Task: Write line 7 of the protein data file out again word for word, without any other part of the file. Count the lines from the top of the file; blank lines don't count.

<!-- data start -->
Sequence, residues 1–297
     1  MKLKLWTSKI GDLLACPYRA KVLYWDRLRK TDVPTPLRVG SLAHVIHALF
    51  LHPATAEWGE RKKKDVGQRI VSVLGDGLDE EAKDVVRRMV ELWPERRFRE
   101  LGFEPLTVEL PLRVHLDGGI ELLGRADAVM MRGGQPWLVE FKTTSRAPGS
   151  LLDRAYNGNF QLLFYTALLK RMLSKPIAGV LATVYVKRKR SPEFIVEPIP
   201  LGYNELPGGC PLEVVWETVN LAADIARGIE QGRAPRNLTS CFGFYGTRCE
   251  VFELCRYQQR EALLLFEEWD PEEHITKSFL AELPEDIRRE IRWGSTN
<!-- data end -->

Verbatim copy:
   251  VFELCRYQQR EALLLFEEWD PEEHITKSFL AELPEDIRRE IRWGSTN